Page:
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openSUSE Tumbleweed fresh install

How to check if Linux takes up too much disk space

Why I am testing open SUSE’s hard drive requirements

A few months ago, I bought an ASUS Zephyrus gaming laptop which came with Windows 10 Pro. I don’t really have a use for the included operating system so I searched for a suitable Linux distribution. According to asus-linux.org, there are three options. The one they recommend is Fedora. Their asusctl patch works on open SUSE and EndeavourOS too. I have used all of those Linux distributions but to make life simpler, I chose Fedora as it runs on all of the computers here.

Those of us who use Linux to get work done do not have time for distro-hopping but a few days ago, Fedora misbehaved. Because of that, I decided to install open SUSE Tumbleweed to see how it handles the LAMPP stack. So far, so good.

Several You Tubers and bloggers mention that open SUSE Tumbleweed takes up a lot of extra disk space. To test this, I did a new install of open SUSE Tumbleweed to measure the daily hard disk activity as I work. Please note that I installed the operating system with snapshots disabled.
For some people, system snapshots are a must-have feature. I rather back up all of my work onto external drives instead and reinstall the operating system if something has gone wrong. So let’s continue.

open SUSE Tumbleweed new install

After the install finished, I took a screenshot of the file system inside Gnome System Monitor. To help me see if there is bloat. I will continue taking screenshots over the next several days and let the pictures tell the truth. Soon we’ll see if open SUSE Tumbleweed bloats the system, or not.
I have a suspicion that it won’t but you never know until you check.
If you want to experiment with this time-tested German Linux distribution then you can get an ISO image from the open SUSE website. I recommend the net install ISO which is only around 200 MB in size.

Here is an image that shows the hard drive usage of a fresh open SUSE Tumbleweed install. To get this window, I open Gnome System Monitor and select the File System tab as shown below.

openSUSE Tumbleweed fresh install
An open SUSE Tumbleweed basic install takes 5.2 GB of space

Before the above image was taken, I have removed LibreOffice and some other small Gnome software applications like Maps, Weather and so on. Since I don’t use those, there is no reason to have them installed.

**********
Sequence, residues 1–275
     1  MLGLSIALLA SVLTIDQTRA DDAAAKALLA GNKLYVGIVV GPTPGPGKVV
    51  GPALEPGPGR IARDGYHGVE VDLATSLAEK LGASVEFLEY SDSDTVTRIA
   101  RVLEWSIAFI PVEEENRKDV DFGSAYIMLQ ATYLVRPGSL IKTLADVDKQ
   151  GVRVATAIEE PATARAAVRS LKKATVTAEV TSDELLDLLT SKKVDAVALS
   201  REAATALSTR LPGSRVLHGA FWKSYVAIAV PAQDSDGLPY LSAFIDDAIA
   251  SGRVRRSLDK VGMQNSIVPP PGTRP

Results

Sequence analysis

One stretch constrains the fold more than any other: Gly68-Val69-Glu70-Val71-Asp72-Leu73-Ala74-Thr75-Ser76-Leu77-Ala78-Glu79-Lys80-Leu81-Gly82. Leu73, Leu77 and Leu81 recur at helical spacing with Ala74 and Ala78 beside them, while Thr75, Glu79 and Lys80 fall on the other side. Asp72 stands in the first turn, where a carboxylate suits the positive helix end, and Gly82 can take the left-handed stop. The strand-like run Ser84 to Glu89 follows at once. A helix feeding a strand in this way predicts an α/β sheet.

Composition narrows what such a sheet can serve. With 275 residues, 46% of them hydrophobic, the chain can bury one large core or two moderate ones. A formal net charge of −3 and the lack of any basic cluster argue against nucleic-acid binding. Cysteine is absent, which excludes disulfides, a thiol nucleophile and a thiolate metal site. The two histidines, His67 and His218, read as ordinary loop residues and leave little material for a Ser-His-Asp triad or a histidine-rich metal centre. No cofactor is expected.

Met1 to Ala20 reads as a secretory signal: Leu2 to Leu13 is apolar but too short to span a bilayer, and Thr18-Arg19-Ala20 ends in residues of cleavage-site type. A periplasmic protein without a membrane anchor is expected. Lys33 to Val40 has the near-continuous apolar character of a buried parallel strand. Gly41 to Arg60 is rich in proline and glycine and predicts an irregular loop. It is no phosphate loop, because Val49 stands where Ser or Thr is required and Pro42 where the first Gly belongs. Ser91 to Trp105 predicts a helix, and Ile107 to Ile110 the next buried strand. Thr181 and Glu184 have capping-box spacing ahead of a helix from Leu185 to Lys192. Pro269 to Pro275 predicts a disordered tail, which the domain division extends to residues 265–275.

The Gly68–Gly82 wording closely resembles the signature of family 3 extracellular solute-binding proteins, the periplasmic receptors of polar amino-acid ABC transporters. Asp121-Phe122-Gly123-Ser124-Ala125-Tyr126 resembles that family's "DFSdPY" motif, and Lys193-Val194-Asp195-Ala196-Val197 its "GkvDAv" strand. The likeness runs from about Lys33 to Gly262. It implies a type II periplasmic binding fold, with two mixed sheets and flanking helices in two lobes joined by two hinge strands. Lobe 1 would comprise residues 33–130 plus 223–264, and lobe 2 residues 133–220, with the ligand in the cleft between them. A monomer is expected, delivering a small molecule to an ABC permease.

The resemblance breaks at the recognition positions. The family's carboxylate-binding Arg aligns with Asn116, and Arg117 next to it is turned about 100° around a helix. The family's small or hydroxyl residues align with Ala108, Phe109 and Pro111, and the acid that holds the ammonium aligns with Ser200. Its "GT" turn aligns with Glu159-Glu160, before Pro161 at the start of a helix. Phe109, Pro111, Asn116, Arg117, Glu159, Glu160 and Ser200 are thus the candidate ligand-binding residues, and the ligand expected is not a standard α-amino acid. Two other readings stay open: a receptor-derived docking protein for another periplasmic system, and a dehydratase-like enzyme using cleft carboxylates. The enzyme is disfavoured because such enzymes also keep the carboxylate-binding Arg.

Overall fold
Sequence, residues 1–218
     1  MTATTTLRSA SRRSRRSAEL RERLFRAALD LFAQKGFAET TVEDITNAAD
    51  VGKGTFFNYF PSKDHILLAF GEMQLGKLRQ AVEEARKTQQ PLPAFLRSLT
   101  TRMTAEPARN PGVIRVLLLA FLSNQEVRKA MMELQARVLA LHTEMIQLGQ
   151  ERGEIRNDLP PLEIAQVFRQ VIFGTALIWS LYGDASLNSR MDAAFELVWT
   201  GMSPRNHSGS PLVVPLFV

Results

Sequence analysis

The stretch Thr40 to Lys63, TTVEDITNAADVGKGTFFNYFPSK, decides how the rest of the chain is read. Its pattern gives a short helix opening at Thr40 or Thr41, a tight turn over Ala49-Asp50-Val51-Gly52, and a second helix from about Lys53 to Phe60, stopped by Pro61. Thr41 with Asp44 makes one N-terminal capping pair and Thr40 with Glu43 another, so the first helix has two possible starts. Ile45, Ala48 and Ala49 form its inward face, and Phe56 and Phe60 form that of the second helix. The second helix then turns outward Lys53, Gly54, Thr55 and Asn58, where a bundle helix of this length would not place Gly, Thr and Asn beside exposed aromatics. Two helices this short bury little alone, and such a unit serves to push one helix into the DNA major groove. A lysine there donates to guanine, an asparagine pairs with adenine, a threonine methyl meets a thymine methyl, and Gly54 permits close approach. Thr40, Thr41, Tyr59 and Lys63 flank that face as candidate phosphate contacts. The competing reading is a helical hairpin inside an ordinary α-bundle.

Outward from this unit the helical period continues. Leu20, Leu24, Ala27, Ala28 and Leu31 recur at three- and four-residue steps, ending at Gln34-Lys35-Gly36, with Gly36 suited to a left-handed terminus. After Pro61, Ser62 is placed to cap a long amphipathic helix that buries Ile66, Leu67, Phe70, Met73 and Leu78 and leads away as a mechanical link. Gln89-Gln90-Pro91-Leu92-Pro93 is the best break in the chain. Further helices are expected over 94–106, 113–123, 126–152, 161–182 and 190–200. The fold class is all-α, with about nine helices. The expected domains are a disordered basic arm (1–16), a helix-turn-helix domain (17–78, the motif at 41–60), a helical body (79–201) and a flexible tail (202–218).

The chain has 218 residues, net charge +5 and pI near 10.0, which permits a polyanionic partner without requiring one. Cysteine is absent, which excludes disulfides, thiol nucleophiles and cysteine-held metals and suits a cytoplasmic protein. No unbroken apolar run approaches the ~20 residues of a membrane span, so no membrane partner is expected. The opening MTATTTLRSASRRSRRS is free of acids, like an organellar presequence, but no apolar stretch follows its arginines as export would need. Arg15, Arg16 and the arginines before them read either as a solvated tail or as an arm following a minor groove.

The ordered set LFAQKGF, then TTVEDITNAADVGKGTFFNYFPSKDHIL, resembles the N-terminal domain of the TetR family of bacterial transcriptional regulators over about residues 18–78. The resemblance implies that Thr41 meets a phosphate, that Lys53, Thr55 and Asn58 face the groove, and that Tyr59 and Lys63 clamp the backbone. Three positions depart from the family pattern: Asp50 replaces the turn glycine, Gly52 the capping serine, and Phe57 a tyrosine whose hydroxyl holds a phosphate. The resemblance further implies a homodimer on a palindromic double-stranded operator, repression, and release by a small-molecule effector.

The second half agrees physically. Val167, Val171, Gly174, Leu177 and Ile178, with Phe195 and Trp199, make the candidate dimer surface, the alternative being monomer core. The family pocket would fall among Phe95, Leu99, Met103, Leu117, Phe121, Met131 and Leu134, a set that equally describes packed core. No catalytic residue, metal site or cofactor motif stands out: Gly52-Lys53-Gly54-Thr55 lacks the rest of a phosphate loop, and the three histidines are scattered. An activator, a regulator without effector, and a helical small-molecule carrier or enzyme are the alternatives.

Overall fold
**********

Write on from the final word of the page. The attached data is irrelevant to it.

To set up this computer for web design, I installed:

  • Brave browser (Flatpak)
  • XAMPP
  • VS Codium

Since open SUSE Tumbleweed comes with Firefox, I only needed the above listed software to start working. I chose the Flatpak version of the Brave browser which took about 700 MB to install.
That’s quite a lot but having all the codecs makes it worth the download. Installing XAMPP and VS Codium went without issues and about 30 minutes later, I had a working development system.

Hard drive usage : Day 2

Since this is a new install, there were no updates available so I spend most of the day working on a website project. At the end of day two, I took a new screenshot showing the new disk usage data. Although I didn’t really do much, the usage has doubled as shown in the image below.
Somewhere, somehow I must had downloaded something big. What ever it was, it could have not come from the browser as Brave is configured to clear EVERYTHING upon exiting the program.

opensuse tumbleweed disc usage day 2
The second day of running open SUSE Tumbleweed increased the disk usage from 1 to 2 percent.

Not to be alarmed. Setting up a system for development requires the installation of some programs and thus, the disk usage increases. The real hard drive space usage will be revealed as I keep using open SUSE.

Hard drive usage : Day 3

Late yesterday, after finishing yet another website, I finally had time to update the system. The download was surprisingly small. I remember previous updates that required over one GB of data to download but nothing major has changed since my initial install. So far so good.

So how much has the hard drive space increased on day 3? Considering the I installed FreeCAD, the increase was marginal and not concerning. Here is the latest picture which shows the relevant data.

open suse hard drive bloat
On day 3, openSUSE Tumbleweed shows little hard drive bloat

Hard drive usage : Day 4

Good news. Now that all updates and software have been installed, the disk usage has slowed considerably. I just checked and my /root partition reports 482.0 GB of free space. One of the reasons why the increase is so small is simply because I used a different workstation.

It is safe to say that from this point on, most of the disk usage will be my work files. All of the software I need has been installed and the updates don’t add much. Because I back up everything I create, I don’t need the snapshot option and thus, my hard disk won’t get bloated. I will update this post if I notice something unusual but based on many years of using open SUSE Tumbleweed, I don’t expect any surprises.
Thank you for reading.

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